Censorpunks Demand Action Against "D. Lewdud"

Timothy C. May tcmay at netcom.com
Sat Feb 27 21:10:31 PST 1993

The "Censorpunks" now demand that action be taken against the rantings of
one "D. Lewdud," an apparent newcomer to this list! His calls for complete
anonymity and even anarchy are dangerous and impermissable. He writes:

>by D. Lewdud
>I want net anonymity to be completely unrestrained, and anybody who
>thinks otherwise is an unAmerican communist censor sleazebag Puritan
>prude spy who should be ruthlessly exposed and stoned for the sheer
>criminality of their ideas. 

(rest of this excellent, er, I mean "unacceptable," posting elided)

Censorpunks, we cannot allow garbage like this to pollute our net! There
ought to be a law!


But seriously, Lance Detweiler does raise some serious points. And I hope
neither Lance, nor George Gleason, nor anyone else was too offended by my
satire about censorship. I felt John Gilmore and others had made the
"slippery slope" arguments well enough, and I would add my comments in the
form of a satire (as I like to do...you ought to see some of my spoofs over
on the Extropians list!).

A few comments on Lance's points:

Nobody has ever said the transition to crypto anarchy will be pleasant
(remind me sometime to discuss how easy assassinations for pay will become,
once untraceable and robust digital cash becomes possible--it'll curl your

The key is that it's essentially unstoppable by simple legalistic means.
New kinds of solutions, like "positive reputations," will have to evolve.
(In this context, a positive reputation system means people only accept
e-mail from names or digital pseudonyms they know or have reason to be
interested in.)

The stratagem of controlling flaky, bad, or illegal posts by cooperation of
the remailers will not really work, as new digital pseudonyms will be
easily generated (and only the last remailer, the one sending it to a pool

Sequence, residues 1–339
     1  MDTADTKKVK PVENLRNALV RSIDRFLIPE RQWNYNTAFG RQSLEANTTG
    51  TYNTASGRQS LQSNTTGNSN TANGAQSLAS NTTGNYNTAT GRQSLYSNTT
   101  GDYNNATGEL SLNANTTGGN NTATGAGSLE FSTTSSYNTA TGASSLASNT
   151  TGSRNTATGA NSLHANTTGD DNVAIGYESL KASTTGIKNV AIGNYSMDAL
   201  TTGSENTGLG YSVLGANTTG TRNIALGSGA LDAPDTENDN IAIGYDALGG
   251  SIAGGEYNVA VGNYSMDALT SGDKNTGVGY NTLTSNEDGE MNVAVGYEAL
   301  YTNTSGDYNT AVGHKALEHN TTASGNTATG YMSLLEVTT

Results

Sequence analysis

or a newsgroup, has any real hope of "controlling" the content by reading
the plaintext). 

At the risk of sounding like another satire, I could point to the obvious
problems we have in free and open societies with _verbal_ abuse, threats,
blackmail, lies, propaganda, and other unsavory behavior. I could then
suggest that controls on free speech are needed (I can expect someone to
chime in here with the chestnut about how you can't shout "Fire!" in a
crowded theater...the Supreme Court justice who coined this later said he
regretted ever doing so, as every censor used it to justify controls on

The price paid to reduce these nuisances is too high.

By the way, I have some scenarios for how crypto anarchy may be fought, how
it may fight back, what law enforcement may do, etc. These are from a 2.2
MB file for my still-unfinished novel on these topics. The relevant
sections on crypto and crypto anarchy are about 200K. They're mostly in
"MORE" format (an outliner for the Mac), and conversion to ASCII tends to
produce some ugly line indentation problems (the subsections indent OK, but
the following lines wrap back to the left margin). Still, perhaps I'll try
to convert them into readable essays for this list, if there's any

-Tim May

Timothy C. May               | Crypto Anarchy: encryption, digital money,  
tcmay at netcom.com        | anonymous networks, digital pseudonyms, zero
408-688-5409               | knowledge, reputations, information markets, 
W.A.S.T.E.: Aptos, CA       | black markets, collapse of governments.
Higher Power: 2^756839 | Public Key: MailSafe and PGP available.

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